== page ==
Congestion Commission Recommendation: First Look

Streetsblog has gotten hold of the Traffic Congestion Mitigation Commission recommendation, which should be voted on this hour. According to the version we have (pdf), the commission’s alternative to Mayor Bloomberg’s plan is expected to exceed the 6.3% VMT reduction required by the federal government, and raise an estimated $491 million per year for mass transit. Other details include:

  • An $8 fee to drive into Manhattan south of 60th Street on weekdays between 6 a.m. and 6 p.m.
  • Trucks pay $21, except for low-emission trucks which pay $7
  • East and west side highways would NOT be free; the cordon would start at bridge exits in Manhattan
  • Increased on-street parking meter rates within the zone
  • "[T]he commission recommends that the city be required to offer communities a residential parking permit program (RPP) prior to the start of congestion pricing and to track park-and-ride activity as part of a comprehensive monitoring program."
  • Elimination of the resident parking tax exemption for off-street parking garages and lots within the zone
  • "All funds from increased on-street parking rates and the elimination of the resident parking tax exemption within the zone should be dedicated by the City of New York to additional transit, pedestrian, bicycle, and parking management improvements, including, but not limited to, expanded ferry service, bus signalization, BRT investments, bicycle facilities, and pedestrian enhancements."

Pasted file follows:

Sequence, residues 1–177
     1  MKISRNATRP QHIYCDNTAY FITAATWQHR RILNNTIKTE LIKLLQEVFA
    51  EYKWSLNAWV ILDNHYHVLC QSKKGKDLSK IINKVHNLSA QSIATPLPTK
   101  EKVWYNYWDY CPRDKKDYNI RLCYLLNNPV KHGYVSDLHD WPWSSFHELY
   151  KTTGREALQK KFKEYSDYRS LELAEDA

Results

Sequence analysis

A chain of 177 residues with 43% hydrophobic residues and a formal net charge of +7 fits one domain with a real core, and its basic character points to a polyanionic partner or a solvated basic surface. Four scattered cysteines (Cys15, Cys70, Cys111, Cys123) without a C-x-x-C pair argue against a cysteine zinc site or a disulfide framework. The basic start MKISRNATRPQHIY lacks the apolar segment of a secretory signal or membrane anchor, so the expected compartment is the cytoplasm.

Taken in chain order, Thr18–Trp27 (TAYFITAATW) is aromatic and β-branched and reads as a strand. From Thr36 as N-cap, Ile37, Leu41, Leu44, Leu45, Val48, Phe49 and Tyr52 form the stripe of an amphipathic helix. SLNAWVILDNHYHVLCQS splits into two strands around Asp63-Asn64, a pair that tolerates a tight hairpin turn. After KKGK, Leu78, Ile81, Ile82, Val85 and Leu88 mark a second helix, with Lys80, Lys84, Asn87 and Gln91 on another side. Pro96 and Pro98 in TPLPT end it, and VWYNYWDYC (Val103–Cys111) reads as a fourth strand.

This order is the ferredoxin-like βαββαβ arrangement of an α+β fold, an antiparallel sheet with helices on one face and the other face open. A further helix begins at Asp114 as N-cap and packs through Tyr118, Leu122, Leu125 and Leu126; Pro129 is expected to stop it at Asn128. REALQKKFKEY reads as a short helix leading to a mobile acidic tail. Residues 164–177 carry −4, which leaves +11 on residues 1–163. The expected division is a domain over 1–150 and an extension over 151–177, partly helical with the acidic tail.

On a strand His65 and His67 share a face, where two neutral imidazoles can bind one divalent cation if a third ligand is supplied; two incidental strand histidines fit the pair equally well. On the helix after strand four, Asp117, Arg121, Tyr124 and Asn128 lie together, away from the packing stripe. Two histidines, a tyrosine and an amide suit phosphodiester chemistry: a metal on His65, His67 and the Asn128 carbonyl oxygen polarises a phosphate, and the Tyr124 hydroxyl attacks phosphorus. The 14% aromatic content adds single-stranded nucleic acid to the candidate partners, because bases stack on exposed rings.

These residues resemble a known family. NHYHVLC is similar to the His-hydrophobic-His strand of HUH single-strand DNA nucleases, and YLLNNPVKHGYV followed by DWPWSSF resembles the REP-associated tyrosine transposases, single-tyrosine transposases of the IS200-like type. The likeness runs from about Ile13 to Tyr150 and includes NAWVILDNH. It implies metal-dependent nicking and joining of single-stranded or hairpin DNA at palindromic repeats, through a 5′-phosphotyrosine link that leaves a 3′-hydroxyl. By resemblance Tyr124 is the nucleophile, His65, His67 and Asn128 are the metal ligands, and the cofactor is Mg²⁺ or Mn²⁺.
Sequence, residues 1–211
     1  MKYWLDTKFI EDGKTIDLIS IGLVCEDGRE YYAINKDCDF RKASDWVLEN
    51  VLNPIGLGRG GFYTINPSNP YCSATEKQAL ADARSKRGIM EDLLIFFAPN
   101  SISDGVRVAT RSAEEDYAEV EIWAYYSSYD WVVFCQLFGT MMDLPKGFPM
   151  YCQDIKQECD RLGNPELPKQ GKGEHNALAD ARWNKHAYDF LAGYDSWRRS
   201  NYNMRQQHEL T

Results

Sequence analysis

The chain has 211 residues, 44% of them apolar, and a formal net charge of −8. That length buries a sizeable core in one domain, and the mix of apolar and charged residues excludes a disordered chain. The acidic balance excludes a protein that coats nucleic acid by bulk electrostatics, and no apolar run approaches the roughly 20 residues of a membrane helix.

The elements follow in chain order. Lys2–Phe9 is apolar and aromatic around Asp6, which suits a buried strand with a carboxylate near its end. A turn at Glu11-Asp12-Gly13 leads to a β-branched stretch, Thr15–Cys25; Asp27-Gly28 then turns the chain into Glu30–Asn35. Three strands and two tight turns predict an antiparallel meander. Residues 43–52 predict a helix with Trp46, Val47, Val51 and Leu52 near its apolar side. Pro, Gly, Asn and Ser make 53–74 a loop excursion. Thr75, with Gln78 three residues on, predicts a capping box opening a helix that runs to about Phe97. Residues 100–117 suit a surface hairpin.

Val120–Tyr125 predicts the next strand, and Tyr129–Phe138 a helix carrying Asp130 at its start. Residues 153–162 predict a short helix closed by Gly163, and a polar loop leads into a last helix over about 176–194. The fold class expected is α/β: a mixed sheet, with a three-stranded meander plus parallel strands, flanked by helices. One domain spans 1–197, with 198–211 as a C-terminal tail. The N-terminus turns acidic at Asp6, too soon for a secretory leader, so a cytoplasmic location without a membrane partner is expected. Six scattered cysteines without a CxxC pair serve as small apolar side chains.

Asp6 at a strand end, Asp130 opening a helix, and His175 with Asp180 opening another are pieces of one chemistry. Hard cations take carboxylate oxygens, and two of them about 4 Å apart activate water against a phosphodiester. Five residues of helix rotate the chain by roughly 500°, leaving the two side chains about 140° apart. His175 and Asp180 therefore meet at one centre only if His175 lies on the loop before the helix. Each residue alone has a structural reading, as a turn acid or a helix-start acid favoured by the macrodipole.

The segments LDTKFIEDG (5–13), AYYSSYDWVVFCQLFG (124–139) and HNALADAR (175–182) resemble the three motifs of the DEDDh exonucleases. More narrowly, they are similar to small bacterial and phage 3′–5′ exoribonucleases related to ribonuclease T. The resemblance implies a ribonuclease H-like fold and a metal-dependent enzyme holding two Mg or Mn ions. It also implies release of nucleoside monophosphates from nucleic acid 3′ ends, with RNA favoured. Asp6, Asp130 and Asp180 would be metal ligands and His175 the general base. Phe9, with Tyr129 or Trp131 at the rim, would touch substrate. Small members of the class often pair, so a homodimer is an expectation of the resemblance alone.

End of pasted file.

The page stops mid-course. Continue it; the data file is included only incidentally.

• For EZ Pass users, the value of all tolls would be deducted from the fee up to $8
  • A $1 surcharge for motorists who don’t use EZ Pass
  • $1 surcharge on taxi and black car trips that start and end within the zone during pricing hours
  • A lockbox, or "dedicated transit account," will be created, aimed mainly at funding the MTA Capital Plan
  • Short-term strategic improvements to subway, bus, and express bus service should be put in place before pricing kicks in
  • Traffic and environmental monitoring program in place before the start of pricing along with a thorough review along the lines of SEQRA

Passages from the recommendation report:  

  • "Compared to the Mayor’s plan, the Commission’s plan has considerably lower operating and capital costs and a simpler fee structure.  By increasing both the cost of taxi trips and parking within the zone, the plan ensures that those who live inside the zone also pay for auto use. The plan will also reduce traffic in neighborhoods adjacent to the zone, decrease vehicle emissions, and benefit the City and regional economy."
  • "In terms of economic equity, the Commission’s plan will negatively impact a small proportion of New Yorkers of limited income: those who drive to work in the CBD and have no feasible transit alternative. This group represents less than one percent of all commuters to the CBD."
  • "[T]he Commission believes that the Commission’s plan is the first step towards a coordinated traffic management strategy for Manhattan and the region."

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